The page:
Reconciling carbon-cycle processes from ecosystem to global scales

Ashley P. Ballantyne, Zhihua Liu, William R.L. Anderegg, Zicheng Yu, Paul Stoy, Ben Poulter, Joseph Vanderwall, Jennifer Watts, Kathy Kelsey, Jason Neff

Research output: Contribution to journalArticlepeer-review

10 Scopus citations


Understanding carbon (C) dynamics from ecosystem to global scales remains a challenge. Although expansion of global carbon dioxide (CO2) observatories makes it possible to estimate C-cycle processes from ecosystem to global scales, these estimates do not necessarily agree. At the continental US scale, only 5% of C fixed through photosynthesis remains as net ecosystem exchange (NEE), but ecosystem measurements indicate that only 2% of fixed C remains in grasslands, whereas as much as 30% remains in needleleaf forests. The wet and warm Southeast has the highest gross primary productivity and the relatively wet and cool Midwest has the highest NEE, indicating important spatial mismatches. Newly available satellite and atmospheric data can be combined in innovative ways to identify potential C loss pathways to reconcile these spatial mismatches. Independent datasets compiled from terrestrial and aquatic environments can now be combined to advance C-cycle science across the land–water interface.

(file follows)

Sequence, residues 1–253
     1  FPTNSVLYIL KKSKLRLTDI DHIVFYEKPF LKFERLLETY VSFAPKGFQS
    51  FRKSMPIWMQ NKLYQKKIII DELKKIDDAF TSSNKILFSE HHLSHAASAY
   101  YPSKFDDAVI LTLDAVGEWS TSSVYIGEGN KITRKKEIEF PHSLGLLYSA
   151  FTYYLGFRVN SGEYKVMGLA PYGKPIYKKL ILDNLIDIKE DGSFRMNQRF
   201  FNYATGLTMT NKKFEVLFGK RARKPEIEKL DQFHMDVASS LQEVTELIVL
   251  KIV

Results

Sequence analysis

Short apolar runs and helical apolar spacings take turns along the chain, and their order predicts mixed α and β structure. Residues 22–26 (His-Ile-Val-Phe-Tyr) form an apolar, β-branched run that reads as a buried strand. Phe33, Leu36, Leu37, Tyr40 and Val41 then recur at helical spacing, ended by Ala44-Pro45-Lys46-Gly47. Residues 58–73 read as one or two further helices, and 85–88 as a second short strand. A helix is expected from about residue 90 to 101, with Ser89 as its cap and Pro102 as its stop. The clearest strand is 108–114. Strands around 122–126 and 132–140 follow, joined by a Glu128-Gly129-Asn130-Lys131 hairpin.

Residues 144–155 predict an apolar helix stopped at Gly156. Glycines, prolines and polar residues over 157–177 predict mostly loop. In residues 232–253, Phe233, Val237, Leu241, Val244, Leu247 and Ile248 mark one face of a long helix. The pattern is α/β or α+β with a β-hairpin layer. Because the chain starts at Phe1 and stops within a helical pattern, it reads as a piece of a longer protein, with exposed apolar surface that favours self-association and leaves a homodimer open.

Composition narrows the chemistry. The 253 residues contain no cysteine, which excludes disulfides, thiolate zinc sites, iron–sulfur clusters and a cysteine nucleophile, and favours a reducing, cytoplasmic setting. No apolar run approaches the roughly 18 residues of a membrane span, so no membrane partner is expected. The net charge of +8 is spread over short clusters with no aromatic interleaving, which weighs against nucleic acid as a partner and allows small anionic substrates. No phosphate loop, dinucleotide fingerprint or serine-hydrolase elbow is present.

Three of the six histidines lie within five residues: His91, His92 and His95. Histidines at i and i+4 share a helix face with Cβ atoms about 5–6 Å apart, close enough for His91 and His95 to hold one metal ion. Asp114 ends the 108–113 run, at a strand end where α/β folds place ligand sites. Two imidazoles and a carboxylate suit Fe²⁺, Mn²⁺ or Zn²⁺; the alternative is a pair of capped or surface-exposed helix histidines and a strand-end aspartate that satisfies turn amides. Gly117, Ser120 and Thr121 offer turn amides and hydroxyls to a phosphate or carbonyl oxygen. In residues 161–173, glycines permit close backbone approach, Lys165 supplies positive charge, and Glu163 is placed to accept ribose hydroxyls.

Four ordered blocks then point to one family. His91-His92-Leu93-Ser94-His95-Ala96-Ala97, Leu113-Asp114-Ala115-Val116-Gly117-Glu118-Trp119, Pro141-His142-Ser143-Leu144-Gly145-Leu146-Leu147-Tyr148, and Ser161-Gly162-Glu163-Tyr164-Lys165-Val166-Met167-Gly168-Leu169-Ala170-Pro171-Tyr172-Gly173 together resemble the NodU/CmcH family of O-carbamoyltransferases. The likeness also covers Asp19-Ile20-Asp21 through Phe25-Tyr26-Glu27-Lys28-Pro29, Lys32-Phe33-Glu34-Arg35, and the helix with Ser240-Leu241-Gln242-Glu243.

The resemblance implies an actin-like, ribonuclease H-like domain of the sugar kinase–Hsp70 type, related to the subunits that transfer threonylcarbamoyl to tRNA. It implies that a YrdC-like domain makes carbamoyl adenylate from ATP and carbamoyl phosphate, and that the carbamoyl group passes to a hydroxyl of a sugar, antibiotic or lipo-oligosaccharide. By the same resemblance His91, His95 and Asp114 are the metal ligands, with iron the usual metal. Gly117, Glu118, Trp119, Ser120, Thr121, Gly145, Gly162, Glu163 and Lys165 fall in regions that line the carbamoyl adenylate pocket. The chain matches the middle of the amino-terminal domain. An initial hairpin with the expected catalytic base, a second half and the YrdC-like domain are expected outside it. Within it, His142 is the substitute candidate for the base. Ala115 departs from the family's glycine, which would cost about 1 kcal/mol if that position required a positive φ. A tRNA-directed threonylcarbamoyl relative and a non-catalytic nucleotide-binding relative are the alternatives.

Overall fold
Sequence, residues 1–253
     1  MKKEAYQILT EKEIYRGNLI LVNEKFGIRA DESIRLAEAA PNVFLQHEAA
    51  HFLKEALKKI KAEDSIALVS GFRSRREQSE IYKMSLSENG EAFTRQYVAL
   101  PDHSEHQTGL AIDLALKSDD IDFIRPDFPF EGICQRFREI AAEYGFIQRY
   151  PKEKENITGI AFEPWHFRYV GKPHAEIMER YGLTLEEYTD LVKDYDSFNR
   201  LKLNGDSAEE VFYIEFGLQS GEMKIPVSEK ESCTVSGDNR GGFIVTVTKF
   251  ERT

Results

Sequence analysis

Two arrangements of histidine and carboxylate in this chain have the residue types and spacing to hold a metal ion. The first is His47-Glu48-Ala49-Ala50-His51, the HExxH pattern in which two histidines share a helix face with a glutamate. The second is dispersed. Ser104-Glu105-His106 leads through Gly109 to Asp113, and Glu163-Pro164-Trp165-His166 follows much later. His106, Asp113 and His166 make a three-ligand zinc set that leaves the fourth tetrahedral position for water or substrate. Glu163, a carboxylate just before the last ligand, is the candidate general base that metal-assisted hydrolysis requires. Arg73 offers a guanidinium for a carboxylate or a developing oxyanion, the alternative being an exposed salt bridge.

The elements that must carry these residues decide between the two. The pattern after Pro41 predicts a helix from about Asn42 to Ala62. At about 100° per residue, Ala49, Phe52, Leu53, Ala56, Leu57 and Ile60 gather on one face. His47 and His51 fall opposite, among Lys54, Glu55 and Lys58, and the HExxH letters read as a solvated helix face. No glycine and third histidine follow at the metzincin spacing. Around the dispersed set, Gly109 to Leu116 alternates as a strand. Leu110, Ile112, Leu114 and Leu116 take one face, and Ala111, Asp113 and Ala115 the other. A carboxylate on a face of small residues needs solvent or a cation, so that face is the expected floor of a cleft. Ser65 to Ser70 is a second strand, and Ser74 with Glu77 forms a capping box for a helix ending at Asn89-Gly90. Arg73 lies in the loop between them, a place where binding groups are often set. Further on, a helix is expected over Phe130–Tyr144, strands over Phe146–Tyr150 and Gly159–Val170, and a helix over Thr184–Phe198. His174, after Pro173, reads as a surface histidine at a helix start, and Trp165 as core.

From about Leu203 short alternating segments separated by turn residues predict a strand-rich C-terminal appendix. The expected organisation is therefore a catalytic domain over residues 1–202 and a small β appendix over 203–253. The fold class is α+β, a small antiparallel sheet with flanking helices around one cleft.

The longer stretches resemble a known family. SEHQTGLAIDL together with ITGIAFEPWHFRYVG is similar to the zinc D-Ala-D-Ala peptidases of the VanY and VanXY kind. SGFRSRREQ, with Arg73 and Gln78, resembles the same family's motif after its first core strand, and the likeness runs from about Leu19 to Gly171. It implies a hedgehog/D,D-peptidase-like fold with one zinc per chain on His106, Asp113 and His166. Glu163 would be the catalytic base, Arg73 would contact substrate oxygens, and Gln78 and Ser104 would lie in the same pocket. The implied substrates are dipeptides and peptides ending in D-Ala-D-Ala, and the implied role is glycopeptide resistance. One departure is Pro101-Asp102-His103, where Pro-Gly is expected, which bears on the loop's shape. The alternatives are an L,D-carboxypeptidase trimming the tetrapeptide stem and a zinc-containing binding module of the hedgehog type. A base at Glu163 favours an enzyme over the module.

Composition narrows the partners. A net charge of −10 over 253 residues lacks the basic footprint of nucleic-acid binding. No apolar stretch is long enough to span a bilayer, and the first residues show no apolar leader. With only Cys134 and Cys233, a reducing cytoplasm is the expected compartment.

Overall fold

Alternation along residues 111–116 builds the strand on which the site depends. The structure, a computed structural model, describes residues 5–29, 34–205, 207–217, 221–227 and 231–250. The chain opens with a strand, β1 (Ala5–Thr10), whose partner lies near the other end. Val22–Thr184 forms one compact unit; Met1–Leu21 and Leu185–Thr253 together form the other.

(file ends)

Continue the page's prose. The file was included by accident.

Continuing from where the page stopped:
Original languageEnglish
Pages (from-to)57-65
Number of pages9
JournalFrontiers in Ecology and the Environment
Issue number1
StatePublished - Feb 2021


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